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Preventing childhood obesity

After spending some time in Somerville, Mass., reporting on their innovative program to prevent childhood obesity, Need to Know came back with some tips on how to make sure your kids reach adulthood at a healthy weight. Here are five things you need to know to create a healthier environment for you and your family:

1. Protect your home from unhealthy influences.

David Ludwing, MD
Director of the Optimal Weight for Life Program at Children’s Hospital, Boston

The home is one environment over which parents have 100 percent control. If it doesn’t support health, don’t bring it into the home. You can go out and have ice cream, make it a celebration once in a while, but remember that if you bring that gallon of ice cream into the home you’re going to fight a losing battle to control its consumption.  And that applies certainly to junk foods, but also influences that make us make kids sedentary. It’s not having wide screen hi-def TV in every room. Maybe have one TV in an out of the way place, but create an active play station.  Or a place where your kids can turn on some music and dance. Let’s make healthy eating and physical activity easy, convenient and fun and make unhealthful lifestyle in the home much less convenient.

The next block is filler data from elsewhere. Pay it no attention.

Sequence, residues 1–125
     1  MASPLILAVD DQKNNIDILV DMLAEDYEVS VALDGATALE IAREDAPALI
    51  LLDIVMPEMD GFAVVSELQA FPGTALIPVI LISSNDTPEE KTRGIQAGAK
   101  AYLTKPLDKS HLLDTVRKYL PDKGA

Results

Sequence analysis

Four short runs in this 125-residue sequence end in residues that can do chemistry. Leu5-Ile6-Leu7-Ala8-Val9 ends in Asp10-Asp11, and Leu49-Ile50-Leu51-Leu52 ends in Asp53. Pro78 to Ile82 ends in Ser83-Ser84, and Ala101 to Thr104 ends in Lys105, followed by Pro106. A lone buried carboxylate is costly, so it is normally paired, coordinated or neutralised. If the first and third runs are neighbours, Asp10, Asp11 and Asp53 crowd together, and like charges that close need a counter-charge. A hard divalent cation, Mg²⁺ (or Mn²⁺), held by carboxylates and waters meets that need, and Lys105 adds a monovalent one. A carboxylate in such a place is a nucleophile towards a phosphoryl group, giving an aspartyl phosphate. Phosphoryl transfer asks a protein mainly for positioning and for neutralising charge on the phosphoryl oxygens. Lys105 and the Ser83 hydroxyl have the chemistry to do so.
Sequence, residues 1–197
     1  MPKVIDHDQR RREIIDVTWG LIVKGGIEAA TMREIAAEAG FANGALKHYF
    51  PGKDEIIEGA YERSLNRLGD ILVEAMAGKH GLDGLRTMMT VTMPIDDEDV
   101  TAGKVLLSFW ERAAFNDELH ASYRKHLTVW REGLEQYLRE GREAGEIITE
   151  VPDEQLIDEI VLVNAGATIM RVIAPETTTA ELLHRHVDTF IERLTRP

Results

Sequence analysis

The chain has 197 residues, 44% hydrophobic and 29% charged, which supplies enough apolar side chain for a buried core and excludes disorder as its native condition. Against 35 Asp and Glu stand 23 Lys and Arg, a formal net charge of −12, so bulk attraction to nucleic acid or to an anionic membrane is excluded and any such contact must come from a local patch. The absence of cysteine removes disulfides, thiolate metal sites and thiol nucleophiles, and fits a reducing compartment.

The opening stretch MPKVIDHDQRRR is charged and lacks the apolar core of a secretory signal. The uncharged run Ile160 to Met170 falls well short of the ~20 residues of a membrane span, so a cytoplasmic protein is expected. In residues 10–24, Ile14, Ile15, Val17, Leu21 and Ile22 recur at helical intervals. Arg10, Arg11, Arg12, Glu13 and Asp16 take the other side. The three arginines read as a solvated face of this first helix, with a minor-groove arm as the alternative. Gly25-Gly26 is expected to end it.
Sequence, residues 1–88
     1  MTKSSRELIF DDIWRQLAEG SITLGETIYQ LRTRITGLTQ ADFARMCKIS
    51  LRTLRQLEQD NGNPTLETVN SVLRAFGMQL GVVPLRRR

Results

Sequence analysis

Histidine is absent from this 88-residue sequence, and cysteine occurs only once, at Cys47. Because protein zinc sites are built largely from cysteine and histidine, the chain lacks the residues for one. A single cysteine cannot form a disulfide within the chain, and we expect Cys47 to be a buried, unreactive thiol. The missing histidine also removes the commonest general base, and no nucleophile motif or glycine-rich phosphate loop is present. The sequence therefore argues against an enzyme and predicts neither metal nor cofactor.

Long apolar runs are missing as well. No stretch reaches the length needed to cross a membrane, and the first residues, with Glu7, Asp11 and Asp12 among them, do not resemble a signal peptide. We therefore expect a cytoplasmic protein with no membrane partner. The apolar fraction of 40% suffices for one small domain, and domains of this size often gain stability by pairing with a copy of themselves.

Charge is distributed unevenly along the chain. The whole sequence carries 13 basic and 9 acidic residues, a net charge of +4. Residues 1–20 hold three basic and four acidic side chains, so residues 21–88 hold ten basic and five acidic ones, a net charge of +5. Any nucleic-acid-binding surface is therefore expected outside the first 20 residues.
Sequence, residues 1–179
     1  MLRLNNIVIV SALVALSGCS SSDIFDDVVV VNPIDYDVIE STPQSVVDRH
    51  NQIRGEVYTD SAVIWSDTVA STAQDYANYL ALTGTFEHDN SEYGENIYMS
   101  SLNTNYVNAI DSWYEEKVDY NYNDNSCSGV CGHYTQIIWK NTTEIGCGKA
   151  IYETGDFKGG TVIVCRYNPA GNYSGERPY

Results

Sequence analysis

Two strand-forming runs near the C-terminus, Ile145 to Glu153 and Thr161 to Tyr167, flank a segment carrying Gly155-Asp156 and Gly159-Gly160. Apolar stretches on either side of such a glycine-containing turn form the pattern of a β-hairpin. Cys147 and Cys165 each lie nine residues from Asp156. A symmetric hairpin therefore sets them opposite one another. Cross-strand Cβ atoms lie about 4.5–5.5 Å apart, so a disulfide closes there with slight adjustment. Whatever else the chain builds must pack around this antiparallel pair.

2. Make fun, less healthy food choices the exception, not the rule.

Christina Economos, PhD, Associate Professor
Friedman School of Nutrition Science and Policy Tufts University

No question, we don’t want to eliminate fun foods or treat foods. They should be part of [a child’s] diet, but a minority, not the majority.  It’s not eliminating treats and it’s not taking choice away. It’s just reducing the number of times they should be presented with unhealthy choices. It’s difficult for a six year-old to make a healthy choice. They are bombarded with advertising and marketing convincing them that they should be consuming these foods that aren’t good for them.

3.  Be an example to your kids — make healthy choices for yourself.

David Ludwing, MD
Director of the Optimal Weight for Life Program at Children’s Hospital, Boston

Parents can engage in modeling. It’s a powerful influence, especially on young children. The idea there is if you do it, your kids will do it. But the opposite is also true.  If you don’t do it, they won’t do it.  The benefit of working in a family context is that everybody benefits, the obese child is less stigmatized, the parents may reduce their cardiovascular disease risk factors, and even a lean child’s sibling is protected against a future of excessive weight gain.

4. Know when to say no.

Christina Economos, Ph.D.
Associate Professor, Friedman School of Nutrition Science and Policy Tufts University

Be the policymakers in the household. It’s okay to say no. It’s in your child’s best interests to set a policy and stick with it around screen time, around treat time. People wouldn’t question that you don’t want a seven or eight year-old using tobacco. Well they also shouldn’t be consuming junk food all day long, because it will put them at a very high risk for becoming overweight or obese which will compromise their life.